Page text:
What do you say when clients ask for a discount?

Most small business owners and even a lot of professional salespeople find it difficult to deal with customers who want to haggle over price.

In the past when quoting my professional fees, my usual practice was to say that I could only reduce my fee if I reduced the services. That sounds good in theory and it might work in some circumstances, but it never really worked for me. I always ended up doing the same amount, or more, of work and was usually ticked off at myself and the client.

So I just started saying no to discount requests. Sometimes I would soften it by pointing out that if I were willing to reduce the price it would mean that I was intentionally overcharging to begin with.

Recently I read an article by Jurgen Appelo who suggests a great way to deal with clients who ask for discounts:

Ask them why.

Jurgen is a public speaker. His fees are listed on his website. When a client asks him to reduce his fee, his response is to ask why they feel they’re entitled to a discount.

This technique, he says, bounces the issue back to the customer, forcing them to consider and justify what they’re asking. Sometimes the request is valid, sometimes it isn’t. And sometimes the request is withdrawn.

Compare the price of a cup of coffee to a good bookI’ve had clients include the “why” when they ask for the discount.

Sometimes they say they can’t afford my fee. In that case, I refer them to sources where they might be able to find writers who charge less.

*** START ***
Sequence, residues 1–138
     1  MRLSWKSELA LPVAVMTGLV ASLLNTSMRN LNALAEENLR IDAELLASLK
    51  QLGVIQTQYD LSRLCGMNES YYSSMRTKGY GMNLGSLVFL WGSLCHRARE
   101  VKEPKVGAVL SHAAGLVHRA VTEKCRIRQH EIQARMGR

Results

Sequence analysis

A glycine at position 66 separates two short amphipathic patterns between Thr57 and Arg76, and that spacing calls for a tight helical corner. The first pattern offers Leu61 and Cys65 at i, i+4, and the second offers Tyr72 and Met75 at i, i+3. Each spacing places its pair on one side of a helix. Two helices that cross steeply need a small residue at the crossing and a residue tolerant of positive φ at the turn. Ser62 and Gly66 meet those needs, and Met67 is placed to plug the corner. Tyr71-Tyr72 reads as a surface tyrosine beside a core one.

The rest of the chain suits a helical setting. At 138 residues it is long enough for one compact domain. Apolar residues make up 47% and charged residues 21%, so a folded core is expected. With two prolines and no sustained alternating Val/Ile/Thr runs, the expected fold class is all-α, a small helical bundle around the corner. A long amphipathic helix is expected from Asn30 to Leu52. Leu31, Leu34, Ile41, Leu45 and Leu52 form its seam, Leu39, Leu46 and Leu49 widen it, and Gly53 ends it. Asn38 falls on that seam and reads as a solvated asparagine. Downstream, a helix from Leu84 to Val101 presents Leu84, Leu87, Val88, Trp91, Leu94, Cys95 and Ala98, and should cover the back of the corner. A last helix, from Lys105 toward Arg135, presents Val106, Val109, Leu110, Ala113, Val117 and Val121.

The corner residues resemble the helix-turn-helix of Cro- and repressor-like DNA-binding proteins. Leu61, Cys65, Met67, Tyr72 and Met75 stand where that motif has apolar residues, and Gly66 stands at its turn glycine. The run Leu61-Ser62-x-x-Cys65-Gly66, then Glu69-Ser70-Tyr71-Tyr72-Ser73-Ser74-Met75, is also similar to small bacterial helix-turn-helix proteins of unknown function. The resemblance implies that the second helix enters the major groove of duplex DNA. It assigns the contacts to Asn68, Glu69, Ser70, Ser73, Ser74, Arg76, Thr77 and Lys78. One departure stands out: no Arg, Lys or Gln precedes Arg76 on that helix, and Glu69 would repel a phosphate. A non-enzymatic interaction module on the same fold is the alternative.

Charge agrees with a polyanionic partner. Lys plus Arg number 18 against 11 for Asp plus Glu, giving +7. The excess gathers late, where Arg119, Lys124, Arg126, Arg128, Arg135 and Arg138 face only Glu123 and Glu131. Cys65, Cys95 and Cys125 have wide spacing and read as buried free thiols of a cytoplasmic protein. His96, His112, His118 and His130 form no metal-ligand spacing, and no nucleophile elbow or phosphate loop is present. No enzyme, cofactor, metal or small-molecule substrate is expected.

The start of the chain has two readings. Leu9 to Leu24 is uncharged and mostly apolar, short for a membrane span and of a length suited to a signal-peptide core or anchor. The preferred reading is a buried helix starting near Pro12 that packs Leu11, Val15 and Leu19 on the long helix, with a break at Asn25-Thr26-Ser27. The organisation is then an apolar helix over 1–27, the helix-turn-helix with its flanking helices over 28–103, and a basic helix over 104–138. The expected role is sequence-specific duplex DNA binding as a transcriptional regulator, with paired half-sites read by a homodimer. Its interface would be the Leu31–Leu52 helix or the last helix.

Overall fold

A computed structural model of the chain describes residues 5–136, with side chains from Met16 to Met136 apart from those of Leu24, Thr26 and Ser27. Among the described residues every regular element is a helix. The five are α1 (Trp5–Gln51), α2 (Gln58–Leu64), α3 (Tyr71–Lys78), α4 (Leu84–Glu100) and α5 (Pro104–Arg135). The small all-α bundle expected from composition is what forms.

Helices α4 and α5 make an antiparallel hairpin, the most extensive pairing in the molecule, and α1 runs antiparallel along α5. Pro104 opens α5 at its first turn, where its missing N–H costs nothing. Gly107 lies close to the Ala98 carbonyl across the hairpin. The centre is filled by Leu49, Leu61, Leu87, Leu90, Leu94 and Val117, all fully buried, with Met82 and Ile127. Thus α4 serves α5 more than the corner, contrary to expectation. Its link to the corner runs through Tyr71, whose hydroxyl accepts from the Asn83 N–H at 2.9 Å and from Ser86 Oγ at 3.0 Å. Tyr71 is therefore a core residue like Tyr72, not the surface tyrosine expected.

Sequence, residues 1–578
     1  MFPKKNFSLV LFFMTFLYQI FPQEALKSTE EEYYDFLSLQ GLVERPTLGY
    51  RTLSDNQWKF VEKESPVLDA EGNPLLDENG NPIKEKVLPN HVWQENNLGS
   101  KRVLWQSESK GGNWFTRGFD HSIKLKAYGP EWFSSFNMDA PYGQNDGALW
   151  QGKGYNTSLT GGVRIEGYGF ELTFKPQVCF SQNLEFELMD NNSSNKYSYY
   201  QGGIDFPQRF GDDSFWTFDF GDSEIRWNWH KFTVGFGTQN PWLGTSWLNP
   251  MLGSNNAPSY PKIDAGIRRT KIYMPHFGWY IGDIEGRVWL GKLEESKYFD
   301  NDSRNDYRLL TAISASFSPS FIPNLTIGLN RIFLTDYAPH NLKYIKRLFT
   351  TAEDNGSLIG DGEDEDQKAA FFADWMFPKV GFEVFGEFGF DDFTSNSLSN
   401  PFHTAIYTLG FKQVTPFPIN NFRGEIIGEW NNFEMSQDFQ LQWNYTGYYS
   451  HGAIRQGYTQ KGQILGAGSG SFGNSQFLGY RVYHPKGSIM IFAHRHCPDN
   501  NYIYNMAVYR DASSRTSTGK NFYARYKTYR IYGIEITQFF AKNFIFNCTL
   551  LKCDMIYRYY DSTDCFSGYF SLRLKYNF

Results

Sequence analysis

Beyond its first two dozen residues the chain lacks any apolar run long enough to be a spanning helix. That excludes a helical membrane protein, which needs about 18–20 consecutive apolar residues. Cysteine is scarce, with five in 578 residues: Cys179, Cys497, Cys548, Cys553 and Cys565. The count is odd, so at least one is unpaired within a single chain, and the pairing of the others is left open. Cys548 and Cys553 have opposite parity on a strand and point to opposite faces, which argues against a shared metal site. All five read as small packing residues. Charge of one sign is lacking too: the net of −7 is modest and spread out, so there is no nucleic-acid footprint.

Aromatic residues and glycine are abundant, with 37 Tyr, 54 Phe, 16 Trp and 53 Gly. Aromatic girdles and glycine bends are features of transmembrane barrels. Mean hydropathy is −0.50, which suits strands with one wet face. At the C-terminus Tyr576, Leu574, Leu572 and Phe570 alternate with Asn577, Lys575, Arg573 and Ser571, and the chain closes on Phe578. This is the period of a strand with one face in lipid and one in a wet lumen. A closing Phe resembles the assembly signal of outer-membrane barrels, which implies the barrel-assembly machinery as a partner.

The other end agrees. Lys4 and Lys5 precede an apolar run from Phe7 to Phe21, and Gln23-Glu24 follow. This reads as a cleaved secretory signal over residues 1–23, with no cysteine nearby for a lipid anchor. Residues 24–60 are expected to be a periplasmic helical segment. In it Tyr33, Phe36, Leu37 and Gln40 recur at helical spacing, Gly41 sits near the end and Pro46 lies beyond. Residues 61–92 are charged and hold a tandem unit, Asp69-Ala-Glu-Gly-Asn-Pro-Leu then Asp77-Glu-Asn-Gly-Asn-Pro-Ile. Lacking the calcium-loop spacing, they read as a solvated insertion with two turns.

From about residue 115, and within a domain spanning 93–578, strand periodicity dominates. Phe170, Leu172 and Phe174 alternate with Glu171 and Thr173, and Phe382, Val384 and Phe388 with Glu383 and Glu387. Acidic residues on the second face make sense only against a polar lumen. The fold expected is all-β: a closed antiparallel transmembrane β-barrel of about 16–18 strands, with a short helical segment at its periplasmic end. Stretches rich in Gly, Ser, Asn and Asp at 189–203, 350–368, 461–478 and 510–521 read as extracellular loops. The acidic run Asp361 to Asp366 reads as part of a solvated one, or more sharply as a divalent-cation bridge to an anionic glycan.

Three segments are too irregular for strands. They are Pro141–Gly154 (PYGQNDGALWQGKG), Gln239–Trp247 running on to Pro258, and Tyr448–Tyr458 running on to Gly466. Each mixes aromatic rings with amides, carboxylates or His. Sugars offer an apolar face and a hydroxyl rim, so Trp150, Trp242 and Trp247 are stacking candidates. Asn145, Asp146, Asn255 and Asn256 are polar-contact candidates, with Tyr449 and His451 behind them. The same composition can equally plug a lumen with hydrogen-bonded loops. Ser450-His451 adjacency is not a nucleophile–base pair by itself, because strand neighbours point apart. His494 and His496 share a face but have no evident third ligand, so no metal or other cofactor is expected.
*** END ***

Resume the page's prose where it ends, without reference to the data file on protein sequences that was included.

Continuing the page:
Sometimes the discount can be justified by volume, such as when a client wants to buy 50 or 100 copies of one of my books to use as a gift to their employees or customers. In that case, I’m happy to reduce the per copy price; I’ll still make a profit and that many more people will have the opportunity to be exposed to my work.

And I’ve even had a few people say they just don’t want to pay what I’m asking, even though they can afford it. That’s fine. I don’t want those clients.

If you do any price negotiating on either side of the table, you’ll want to read Jurgen’s article, “When Clients Ask for Discounts, Ask Them … Why?”

I’ve learned over the years that my best clients—and the ones I work hardest for—are the ones who pay my fees without quibbling because they trust me and respect me as a professional. My best customers are the ones who buy my books at full retail price and thank me for them because what I wrote enriched their lives.

But instead of simply saying no, the next time someone asks for a discount, I’ll ask why.

Have you tried this strategy? How did it work for you? Share in the comments below.

Jacquelyn Lynn
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When someone asks for a discount, find out why they want it and feel they’re entitled to it.